The trials and travails of the U.S. Postal Service have been well-documented. Like many businesses, the Postal Service endured tremendous strain during the global pandemic. But the Postal Service has emerged from the crisis stronger, and there is an optimistic case to be made that its future is brighter than its immediate past.
Public attention and support for the Postal Service is at an all-time high, given the reliance on the service for voting by mail and its role as a “lifeline” delivering medicines and essential goods throughout the pandemic. Another cause for optimism is recent Congressional action.
Having labored over postal reform bills during my tenure in Congress, I can say that every American business and consumer that relies on the Postal Service for affordable delivery services owes Chairwoman Carolyn Maloney (D-N.Y.) and ranking member James Comer (R-Ky.) a debt of gratitude for moving the bipartisan 2021 Postal Reform Act through the committee process. Also encouraging, Senate Oversight Committee Chairman Gary Peters (D-Mich.) and ranking member Rob Portman (R-Ohio) have followed suit by introducing a bipartisan companion bill in the Senate.
The House and Senate bills include important financial relief and reform provisions that will help ensure the long-term viability of the U.S. postal system. The House and Senate bills also include important policy provisions that reinforce the essential role the Postal Service plays in ensuring fair competition and affordable delivery services for all Americans.
For example, the bills recognize the importance of the Postal Service’s maintaining an integrated delivery network for mail and packages at least six days a week. In one sense, this language merely codifies longstanding postal policy. The Postal Service provided integrated delivery services of mail and packages for over 100 years, ever since Congress mandated that the Postal Service provide a competitive package delivery service to protect Americans in rural and remote areas of the country who were being exploited by private delivery companies.
In another sense, however, the language is an important confirmation of the core strength of the Postal Service and is essential to its future viability. The pandemic accelerated mailing and shipping trends in ways that will require policymakers to think differently about the role of the Postal Service as a critical part of the nation’s economic infrastructure.
By codifying the integrated delivery language, Congress is reaffirming its prior policy direction that the Postal Service should leverage the network efficiencies it generates by delivering mail and packages together. As Congress intended, the Postal Service passes on these cost efficiencies in the form of lower prices to American businesses and consumers, thus, ensuring fair competition and affordable delivery services for all Americans.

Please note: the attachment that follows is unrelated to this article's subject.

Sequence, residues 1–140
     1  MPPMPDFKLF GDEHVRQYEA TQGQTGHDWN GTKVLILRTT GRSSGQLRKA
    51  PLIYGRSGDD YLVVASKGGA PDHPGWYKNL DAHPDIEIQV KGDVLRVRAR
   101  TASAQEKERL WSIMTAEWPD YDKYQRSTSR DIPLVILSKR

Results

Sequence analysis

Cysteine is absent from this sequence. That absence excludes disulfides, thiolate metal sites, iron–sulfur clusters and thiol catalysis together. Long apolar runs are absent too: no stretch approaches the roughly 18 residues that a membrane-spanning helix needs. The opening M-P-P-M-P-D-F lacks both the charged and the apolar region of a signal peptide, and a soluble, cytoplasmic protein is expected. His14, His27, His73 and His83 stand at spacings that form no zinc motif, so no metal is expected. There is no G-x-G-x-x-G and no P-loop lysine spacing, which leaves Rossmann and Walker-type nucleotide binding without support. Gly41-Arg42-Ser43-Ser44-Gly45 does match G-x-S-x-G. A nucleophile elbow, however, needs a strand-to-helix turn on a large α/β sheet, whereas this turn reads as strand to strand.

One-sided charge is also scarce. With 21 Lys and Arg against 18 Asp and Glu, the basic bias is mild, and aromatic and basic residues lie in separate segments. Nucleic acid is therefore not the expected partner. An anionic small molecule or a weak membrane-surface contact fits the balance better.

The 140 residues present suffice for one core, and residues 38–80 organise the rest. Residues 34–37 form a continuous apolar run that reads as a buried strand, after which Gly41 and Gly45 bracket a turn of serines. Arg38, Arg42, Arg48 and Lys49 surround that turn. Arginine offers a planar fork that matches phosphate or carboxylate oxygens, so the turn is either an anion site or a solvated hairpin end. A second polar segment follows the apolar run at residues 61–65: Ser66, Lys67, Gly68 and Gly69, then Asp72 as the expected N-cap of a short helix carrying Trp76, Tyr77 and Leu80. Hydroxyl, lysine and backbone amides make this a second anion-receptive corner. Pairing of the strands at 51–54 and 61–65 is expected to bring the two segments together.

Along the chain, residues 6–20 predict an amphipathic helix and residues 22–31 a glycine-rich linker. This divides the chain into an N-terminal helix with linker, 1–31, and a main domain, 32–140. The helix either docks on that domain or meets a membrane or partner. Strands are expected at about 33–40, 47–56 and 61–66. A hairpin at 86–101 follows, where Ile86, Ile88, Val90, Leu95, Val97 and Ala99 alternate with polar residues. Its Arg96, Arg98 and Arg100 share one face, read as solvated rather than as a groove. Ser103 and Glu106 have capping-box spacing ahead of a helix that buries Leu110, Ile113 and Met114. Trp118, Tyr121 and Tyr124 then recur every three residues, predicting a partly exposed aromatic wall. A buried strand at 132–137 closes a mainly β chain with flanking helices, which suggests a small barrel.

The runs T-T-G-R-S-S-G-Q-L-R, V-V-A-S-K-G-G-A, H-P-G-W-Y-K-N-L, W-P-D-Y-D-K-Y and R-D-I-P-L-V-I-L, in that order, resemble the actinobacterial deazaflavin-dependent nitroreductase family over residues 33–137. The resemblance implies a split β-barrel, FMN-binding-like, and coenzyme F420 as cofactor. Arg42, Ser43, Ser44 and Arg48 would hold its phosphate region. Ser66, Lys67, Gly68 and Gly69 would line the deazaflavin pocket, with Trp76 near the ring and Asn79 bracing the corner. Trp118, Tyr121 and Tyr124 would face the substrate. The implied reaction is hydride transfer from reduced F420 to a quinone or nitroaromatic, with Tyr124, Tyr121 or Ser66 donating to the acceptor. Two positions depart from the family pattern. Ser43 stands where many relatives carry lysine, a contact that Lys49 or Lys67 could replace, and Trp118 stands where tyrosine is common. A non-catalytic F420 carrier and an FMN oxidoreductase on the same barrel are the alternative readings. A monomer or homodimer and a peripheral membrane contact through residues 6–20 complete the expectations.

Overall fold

An integrated delivery network is essential to the continued vitality of the Postal Service’s letter mail and package businesses and to the ideal of a self-sustaining Postal Service. The network efficiencies of an integrated delivery network have enabled the growth and profitability of USPS’ competitive package business. And the Postal Service uses the profits from its package business ($11 billion above costs in FY2020), to help defray the costs of maintaining a nationwide mail delivery network. Without the positive financial contribution from its package business, the Postal Service would have to look to letter mailers or Congress to fund its operations.
Notwithstanding these obvious benefits — or perhaps because of them — private carriers who compete with the Postal Service oppose Congress’ reaffirming that the Postal Service should maintain an integrated delivery network 6 days a week. The bipartisan language codifies the status quo and reflects the Postal Service’s strategic vision of the future. Abandoning the notion of an integrated delivery network would be a radical departure from the way the Postal Service has always operated. Forcing the Postal Service to operate parallel, duplicative delivery networks would harm, not help, the Postal Service and the businesses and consumers that rely upon it for affordable delivery services. Such a change would only benefit private competitors by making the Postal Service less competitive.
Congress should move quickly to pass the bipartisan 2021 Postal Service Reform Act as a means to help the Postal Service continue to fulfill its vital mission to all Americans.
John M. McHugh is the chairman of the Package Coalition; previously, he was secretary of the U.S. Army and a member of the U.S. House of Representatives, representing Northern and Central New York.
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